IPCC released new Special Report:
The Intergovernmental Panel on Climate Change was jointly established in 1988, by the WMO and UNEP, with the mandate to assess scientific information related to climate change, to evaluate the environmental and socio-economic consequences of climate change, and to formulate realistic response measures.
In May 2011 the IPCC Panel approved the IPCC Special Report on Renewable Energy Sources and Climate Change Mitigation (SRREN) prepared under the responsibility of Working Group III (Mitigation of Climate Change).
More than 130 authors from all over the world finished preparing the SRREN and on May 9, 2011 115 countries participated in the approval of this report. The Summary and its full report are now available on the IPCC’s website at www.ipcc.ch.
For more information about the process, the authors, outreach events held, and for a set of videos and presentations about the SRREN please see: http://srren.ipcc-wg3.de/
SRREN coverage and findings
The IPCC’s latest Special Report agreed and released by the IPCC assesses existing literature on the current and future potential of renewable energy for the mitigation of climate change. It covers the six most important renewable energy technologies, as well as their integration into present and future energy systems. It also takes into consideration the environmental and social consequences associated with these technologies, the cost and strategies to overcome technical as well as non-technical obstacles to their application and diffusion.
The report first points out increasing interest in renewable energy around the world and points to rapid deployment of renewable energy technologies in recent years. Authors looked into the technical potential of RE sources and reported “The global technical potential of RE sources will not limit continued growth in the use of RE”. Ramon Pichs, Co-Chair of the Working Group III, added: ―The report shows that it is not the availability of the resource, but the public policies that will either expand or constrain renewable energy development over the coming decades. Developing countries have an important stake in this future—this is where most of the 1.4 billion people without access to electricity live yet also where some of the best conditions exist for renewable energy deployment.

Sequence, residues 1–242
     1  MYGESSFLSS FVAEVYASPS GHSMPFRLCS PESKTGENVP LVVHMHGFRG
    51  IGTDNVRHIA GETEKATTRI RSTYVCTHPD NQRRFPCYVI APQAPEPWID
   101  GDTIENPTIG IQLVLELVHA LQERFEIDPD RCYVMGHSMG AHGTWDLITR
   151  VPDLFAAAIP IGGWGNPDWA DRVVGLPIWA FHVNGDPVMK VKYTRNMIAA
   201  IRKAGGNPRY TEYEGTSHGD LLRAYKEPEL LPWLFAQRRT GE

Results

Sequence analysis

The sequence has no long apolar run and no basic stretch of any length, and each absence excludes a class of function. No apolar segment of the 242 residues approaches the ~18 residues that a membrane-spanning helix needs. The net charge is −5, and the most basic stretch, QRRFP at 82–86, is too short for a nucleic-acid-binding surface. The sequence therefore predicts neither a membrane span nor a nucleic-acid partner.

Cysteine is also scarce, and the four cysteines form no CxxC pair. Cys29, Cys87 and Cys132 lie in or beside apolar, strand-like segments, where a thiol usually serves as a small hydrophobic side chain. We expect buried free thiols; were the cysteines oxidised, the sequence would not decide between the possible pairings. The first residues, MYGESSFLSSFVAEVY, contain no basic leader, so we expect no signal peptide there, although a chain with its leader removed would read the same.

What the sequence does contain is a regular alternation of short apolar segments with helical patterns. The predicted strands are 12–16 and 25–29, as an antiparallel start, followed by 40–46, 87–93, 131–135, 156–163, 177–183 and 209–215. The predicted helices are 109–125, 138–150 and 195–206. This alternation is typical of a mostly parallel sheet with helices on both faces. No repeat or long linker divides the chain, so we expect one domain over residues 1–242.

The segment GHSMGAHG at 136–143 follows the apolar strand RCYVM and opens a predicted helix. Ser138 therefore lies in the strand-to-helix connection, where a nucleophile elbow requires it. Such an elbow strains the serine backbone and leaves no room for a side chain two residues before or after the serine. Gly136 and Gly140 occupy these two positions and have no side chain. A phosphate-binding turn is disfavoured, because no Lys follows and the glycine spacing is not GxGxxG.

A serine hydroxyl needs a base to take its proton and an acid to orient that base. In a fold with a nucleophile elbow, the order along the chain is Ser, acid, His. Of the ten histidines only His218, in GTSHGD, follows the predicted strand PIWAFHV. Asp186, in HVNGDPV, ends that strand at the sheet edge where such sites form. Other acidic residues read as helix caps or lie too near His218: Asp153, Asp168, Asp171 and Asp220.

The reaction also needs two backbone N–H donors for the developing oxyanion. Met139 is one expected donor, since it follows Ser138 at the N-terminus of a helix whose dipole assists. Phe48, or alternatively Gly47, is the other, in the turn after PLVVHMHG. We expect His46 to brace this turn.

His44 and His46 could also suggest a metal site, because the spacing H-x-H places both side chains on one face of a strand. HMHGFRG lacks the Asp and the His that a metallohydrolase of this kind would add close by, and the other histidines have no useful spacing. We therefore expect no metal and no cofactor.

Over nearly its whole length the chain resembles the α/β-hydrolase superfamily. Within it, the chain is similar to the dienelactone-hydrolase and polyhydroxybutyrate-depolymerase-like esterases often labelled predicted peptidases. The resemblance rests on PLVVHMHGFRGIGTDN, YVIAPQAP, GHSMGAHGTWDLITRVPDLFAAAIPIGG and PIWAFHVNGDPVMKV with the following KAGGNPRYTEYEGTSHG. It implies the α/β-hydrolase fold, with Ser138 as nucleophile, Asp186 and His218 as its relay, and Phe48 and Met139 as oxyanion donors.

SRREN authors also studied and reported on more than 160 scenarios, and offered in-depth examinations of four. The most optimistic of these projected that renewables could account for close to 80% of total energy supply by mid-century, thereby cutting greenhouse-gas emissions significantly. The researchers have also studied the challenges linked to how renewable energy can be integrated into existing and future energy systems including electricity grids and likely cost benefits from these developments. It reports that “In order to accommodate high RE shares, energy systems will need to evolve and be adapted” (SPM, Section 4).
The report also looked at the cost of energy for many RE technologies and reported that “the levelized cost of energy for many RE technologies is currently higher than existing energy prices, though in various settings RE is already economically competitive.” (SPM, Section 3). However, if environmental impacts such as emissions of pollutants and greenhouse gases were monetized and included in energy prices, more renewable energy technologies may become economically attractive. For most of them, costs have declined over the last decades and the authors expect significant technical advancements and further cost reductions in the future, resulting in a greater potential for climate change mitigation.